You might think you know all there is to know about getting decent rates on insurance for your vehicle, but did you know this: Bad credit increases car insurance costs. The plain and unvarnished truth is that it does. The question then becomes, how much does having less-than-stellar credit cost you when it comes to getting car insurance?
According to an article in Cariinsurance.com, having bad credit can cost you to the tune of an extra $30, $50, even $100 a month. Who really wants to shell out that much additional just for a good car insurance policy?
Here are some other points to keep in mind relative to how your credit affects your car insurance costs.
Insurers Routinely Check Your Credit Rating – Although this isn’t permitted in some states, in most states, auto insurance companies routinely check your credit rating as part of the application process for a new policy. Credit scores help the companies determine if you’re a good (or poor) potential risk. Why? Applicants with low credit scores, that is, under the range of 600, have a greater likelihood of filing claims, making exaggerated claims, and even committing insurance fraud.
Low FICO Score = Higher Premiums – Let’s face it. If your FICO score (which is based 35 percent on payment history, 30 percent on amounts owed, 15 percent on length of credit history, 10 percent on new credit, and 10 percent on types of credit used) is 600 or lower, you’re likely to incur a surcharge on your car insurance. If, on the other hand, your credit score is in the 700-800 range, your premiums will be unaffected (that is, they won’t increase due to your credit score). Sound unfair? That’s just the way it is.
Bad Credit May Affect How You Can Pay – Another way that bad credit negatively impacts how much you pay for car insurance is that the insurer may not allow you to pay for your policy. That’s because those policyholders with poor credit are more likely to miss a payment. What does this mean for you, if you have bad credit? Your car insurance company, or the one you’re applying to for a policy, may require that you pay the full six-month or annual premium up-front instead of paying monthly. Or, if your insurer does allow you to pay monthly, they may stipulate that you can do so only after you plunk down a sizeable percentage of the total premium due first. Either way, it’s more money out of your pocket when you get your policy.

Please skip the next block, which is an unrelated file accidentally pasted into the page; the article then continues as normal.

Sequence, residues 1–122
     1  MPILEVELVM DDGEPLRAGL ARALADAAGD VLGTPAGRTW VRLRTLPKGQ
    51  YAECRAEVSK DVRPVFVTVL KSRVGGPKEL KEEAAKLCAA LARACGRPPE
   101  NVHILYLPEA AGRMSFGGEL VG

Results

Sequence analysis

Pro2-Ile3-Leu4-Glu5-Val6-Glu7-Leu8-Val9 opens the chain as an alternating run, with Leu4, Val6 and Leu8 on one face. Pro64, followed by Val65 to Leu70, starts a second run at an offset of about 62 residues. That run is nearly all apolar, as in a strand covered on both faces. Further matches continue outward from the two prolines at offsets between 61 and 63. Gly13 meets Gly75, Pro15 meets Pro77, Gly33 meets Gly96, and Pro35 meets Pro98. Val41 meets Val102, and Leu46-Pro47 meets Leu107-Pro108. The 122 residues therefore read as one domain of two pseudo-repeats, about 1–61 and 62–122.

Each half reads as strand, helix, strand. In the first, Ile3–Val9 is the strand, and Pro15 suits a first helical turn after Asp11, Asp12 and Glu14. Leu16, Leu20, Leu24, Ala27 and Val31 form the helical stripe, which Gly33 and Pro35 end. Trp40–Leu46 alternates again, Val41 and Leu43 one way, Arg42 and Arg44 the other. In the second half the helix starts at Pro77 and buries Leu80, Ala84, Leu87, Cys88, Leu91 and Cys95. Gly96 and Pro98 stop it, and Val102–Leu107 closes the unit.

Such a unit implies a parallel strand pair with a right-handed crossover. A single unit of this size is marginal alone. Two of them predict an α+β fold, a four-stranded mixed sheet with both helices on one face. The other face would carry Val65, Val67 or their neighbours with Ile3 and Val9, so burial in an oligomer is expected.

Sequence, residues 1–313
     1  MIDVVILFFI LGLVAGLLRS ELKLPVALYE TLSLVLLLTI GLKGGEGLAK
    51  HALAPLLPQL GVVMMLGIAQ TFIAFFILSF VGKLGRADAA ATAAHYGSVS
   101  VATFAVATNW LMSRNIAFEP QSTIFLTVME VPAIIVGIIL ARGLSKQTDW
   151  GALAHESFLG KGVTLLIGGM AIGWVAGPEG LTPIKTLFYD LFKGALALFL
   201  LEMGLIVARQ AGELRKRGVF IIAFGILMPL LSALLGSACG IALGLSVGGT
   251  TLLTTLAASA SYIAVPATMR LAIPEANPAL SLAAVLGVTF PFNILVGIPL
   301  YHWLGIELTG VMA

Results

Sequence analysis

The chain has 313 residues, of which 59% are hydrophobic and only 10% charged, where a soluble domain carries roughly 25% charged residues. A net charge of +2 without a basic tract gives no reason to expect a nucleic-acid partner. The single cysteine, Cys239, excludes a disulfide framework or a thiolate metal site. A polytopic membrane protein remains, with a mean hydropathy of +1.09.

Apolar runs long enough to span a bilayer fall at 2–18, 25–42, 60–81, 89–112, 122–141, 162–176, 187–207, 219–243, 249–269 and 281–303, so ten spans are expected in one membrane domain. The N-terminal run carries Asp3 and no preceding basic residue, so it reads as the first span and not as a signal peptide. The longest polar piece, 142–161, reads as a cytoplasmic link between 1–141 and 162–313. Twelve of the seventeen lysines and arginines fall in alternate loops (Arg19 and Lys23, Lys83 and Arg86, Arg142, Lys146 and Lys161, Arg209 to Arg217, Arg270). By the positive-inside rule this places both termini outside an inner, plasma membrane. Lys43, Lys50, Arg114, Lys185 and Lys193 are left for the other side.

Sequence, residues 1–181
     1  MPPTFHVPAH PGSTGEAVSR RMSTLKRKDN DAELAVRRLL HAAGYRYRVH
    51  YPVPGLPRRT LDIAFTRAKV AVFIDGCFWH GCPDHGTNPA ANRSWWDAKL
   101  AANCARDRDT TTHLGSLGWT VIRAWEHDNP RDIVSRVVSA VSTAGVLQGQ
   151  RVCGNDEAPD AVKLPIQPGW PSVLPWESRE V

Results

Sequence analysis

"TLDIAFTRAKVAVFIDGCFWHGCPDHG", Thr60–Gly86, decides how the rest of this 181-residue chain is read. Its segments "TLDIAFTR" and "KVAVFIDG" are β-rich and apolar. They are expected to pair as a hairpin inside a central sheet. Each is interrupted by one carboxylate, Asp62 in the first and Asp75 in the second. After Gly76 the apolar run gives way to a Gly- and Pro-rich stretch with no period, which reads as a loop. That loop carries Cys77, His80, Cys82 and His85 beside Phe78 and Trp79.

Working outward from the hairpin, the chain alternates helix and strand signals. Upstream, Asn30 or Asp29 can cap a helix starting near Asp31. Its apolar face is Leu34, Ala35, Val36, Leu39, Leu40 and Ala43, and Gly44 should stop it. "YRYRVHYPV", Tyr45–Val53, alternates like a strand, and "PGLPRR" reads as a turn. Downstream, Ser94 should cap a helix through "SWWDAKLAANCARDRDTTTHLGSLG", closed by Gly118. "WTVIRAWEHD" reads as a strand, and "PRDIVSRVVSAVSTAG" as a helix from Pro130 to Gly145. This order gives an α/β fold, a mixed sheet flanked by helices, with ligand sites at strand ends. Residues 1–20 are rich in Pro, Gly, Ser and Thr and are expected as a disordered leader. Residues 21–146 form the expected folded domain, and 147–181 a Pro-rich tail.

Poor Credit May Mean High-Risk Insurers – Not only do the biggest and best auto insurance companies want policyholders with good to excellent credit – to minimize how much they have to shell out in claims – but these prime car insurers don’t want any part of customers with bad credit. Sure, they’ll maybe take some, especially if the person has been a policyholder with them for years, but the rates will skyrocket. Those with bad credit seeking first-time or new auto insurance may be relegated to high-risk insurance companies with, you guessed it, equally high car insurance rates.
Of course, car insurance premiums for those with bad or good credit, are based on other factors, some of which can make a big difference when you’re shopping for a new policy. Where you live, how many miles you drive annually, what you drive, your driving record, past history of accidents, tickets and claims, and other factors are all taken into account. You do have some measure of control over several of these factors, and you can work on improving your credit score to equalize or minimize other potential negatives.
Remember that maintaining a good credit history and score is one of the best things you can do to help reduce your overall car insurance costs.